1. ## Derivatives

Hello would gratefully appreciate help on the following question, also would you be able to guid me through how you got the answers
thank you
Amanda x
Find dy/dx of the following:

1) y=3^(3x-1) + (1-2x)In(1-2x)

2) y= 2x-1 -log4(x+1)
3x+4

3)
y= e^x (2x+1)^1/2

4) intergrate and differentiate:
xIn(x+1)

2. Originally Posted by Amanda-UK
Find dy/dx of the following:

1) y=3^(3x-1) + (1-2x)In(1-2x)
I presume that "In(1 - 2x)" is "ln(1 - 2x)"?

Note that $\displaystyle \frac{d}{dx}ln(x) = \frac{1}{x}$.
Also $\displaystyle \frac{d}{dx}a^x = ln(a) \cdot a^x$.

Thus, using the chain rule:
$\displaystyle y = 3^{3x - 1} + (1 - 2x)ln(1 - 2x)$

$\displaystyle \frac{dy}{dx} = \left ( ln(3x - 1) \cdot 3^{3x - 1} \right ) \cdot 3 + (-2) \cdot ln(1 - 2x) + (1 - 2x) \cdot \left ( \frac{1}{1 - 2x} \right ) \cdot (-2)$

$\displaystyle \frac{dy}{dx} = 3 \cdot ln(3x - 1) \cdot 3^{3x - 1} - 2 \cdot ln(1 - 2x) -2$

-Dan

3. Originally Posted by Amanda-UK
2) y= 2x-1 -log4(x+1)
3x+4
I presume:
$\displaystyle y = \frac{2x - 1}{3x + 4} - log_4(x + 1)$

I, personally, never remember the formula for taking the derivative of a log function. What I do remember is the change of base formula:
$\displaystyle log_b(x) = \frac{log_a(x)}{log_a(b)}$
(This comes in very handy doing logs on my calculator.)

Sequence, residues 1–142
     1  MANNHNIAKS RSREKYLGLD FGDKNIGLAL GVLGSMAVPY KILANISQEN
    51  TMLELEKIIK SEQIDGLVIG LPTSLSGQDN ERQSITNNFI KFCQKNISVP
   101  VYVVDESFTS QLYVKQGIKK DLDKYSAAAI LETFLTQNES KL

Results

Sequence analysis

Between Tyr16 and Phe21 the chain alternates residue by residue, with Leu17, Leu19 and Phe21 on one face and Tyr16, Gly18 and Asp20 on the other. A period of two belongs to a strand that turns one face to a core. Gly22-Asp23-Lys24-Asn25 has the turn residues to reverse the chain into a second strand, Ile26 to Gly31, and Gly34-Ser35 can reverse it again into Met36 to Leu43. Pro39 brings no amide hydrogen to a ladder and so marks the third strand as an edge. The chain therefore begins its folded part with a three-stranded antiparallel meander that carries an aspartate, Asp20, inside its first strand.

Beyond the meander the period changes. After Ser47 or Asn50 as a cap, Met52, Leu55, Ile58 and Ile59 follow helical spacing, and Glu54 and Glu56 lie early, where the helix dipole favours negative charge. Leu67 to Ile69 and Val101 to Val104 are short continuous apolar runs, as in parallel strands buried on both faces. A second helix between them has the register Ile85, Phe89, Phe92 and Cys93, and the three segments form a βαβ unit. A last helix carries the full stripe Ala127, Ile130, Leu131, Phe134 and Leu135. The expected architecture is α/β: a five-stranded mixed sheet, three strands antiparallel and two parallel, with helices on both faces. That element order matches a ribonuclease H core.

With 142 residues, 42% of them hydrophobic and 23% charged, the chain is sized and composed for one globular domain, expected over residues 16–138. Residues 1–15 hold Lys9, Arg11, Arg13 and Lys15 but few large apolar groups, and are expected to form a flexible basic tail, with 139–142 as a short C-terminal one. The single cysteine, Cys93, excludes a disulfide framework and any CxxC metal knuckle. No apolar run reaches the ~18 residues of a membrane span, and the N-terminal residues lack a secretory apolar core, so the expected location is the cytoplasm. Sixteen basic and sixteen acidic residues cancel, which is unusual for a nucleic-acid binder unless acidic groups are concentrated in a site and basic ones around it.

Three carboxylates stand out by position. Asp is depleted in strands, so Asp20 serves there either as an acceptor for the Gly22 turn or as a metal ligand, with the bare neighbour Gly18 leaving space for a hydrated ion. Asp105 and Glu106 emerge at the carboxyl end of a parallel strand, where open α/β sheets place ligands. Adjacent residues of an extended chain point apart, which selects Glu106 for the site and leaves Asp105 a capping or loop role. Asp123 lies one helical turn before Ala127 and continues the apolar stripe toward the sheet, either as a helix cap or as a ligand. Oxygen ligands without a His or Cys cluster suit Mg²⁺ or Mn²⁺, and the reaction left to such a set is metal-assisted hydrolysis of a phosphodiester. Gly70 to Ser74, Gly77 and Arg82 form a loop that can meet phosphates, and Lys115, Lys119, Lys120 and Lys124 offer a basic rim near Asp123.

So I'm going to convert $\displaystyle log_4(x)$ into a $\displaystyle ln(x)$ term, which we know how to take the derivative of.

$\displaystyle log_4(x) = \frac{ln(x)}{ln(4)}$

Thus
$\displaystyle \frac{d}{dx}log_4(x) = \frac{d}{dx} \left ( \frac{ln(x)}{ln(4)} \right ) = \frac{1}{ln(4)} \cdot \frac{1}{x}$

So back to your problem:
$\displaystyle y = \frac{2x - 1}{3x + 4} - log_4(x + 1)$

$\displaystyle \frac{dy}{dx} = \frac{(2)(3x + 4) - (2x - 1)(3)}{(3x + 4)^2} - \frac{1}{ln(4)} \cdot \frac{1}{x + 1} \cdot 1$

$\displaystyle \frac{dy}{dx} = \frac{11}{(3x + 4)^2} - \frac{1}{ln(4)} \cdot \frac{1}{x + 1}$

-Dan

4. Originally Posted by Amanda-UK
Find dy/dx of the following:
3)
y= e^x (2x+1)^1/2
Note that $\displaystyle \frac{d}{dx}e^x = e^x$.

Thus by the product rule:
$\displaystyle \frac{dy}{dx} = e^x \cdot (2x + 1)^{1/2} + e^x \cdot \frac{1}{2} \cdot (2x + 1)^{-1/2} \cdot (2)$

$\displaystyle \frac{dy}{dx} = e^x \cdot (2x + 1)^{1/2} + e^x \cdot \frac{1}{(2x + 1)^{1/2}}$

-Dan

5. Originally Posted by Amanda-UK
Find dy/dx of the following:
4) intergrate and differentiate:
xIn(x+1)
First the derivative:
$\displaystyle \frac{d}{dx} (x \cdot ln(x + 1) ) = (1) \cdot ln(x + 1) + x \cdot \frac{1}{x} = ln(x + 1) + 1$

Now the integral. I'm going to do this using integration by parts:
$\displaystyle \int u dv = uv - \int v du$

So
$\displaystyle \int x ln(x + 1) dx$:
I'm going to set
$\displaystyle u = ln(x + 1) \implies du = \frac{dx}{x + 1}$
$\displaystyle dv = x dx \implies v = \frac{1}{2}x^2$

Thus
$\displaystyle \int x ln(x + 1) dx = \frac{1}{2}x^2 \cdot ln(x + 1) - \int \left ( \frac{1}{2}x^2 \right ) \left ( \frac{dx}{x + 1} \right )$

Which leaves us with the $\displaystyle \int \frac{x^2}{x + 1} dx$, which you can do with partial fractions, or any other method of your choosing.

-Dan

6. thank you as helped me a great deal

7. Originally Posted by topsquark
$\displaystyle \int \frac{x^2}{x + 1} dx$
This is the simplest method

$\displaystyle \int\frac{x^2}{x+1}\,dx=\int\frac{x^2-1}{x+1}\,dx+\int\frac1{x+1}\,dx=\int(x-1)\,dx+\int\frac1{x+1}\,dx$

Regards.

K.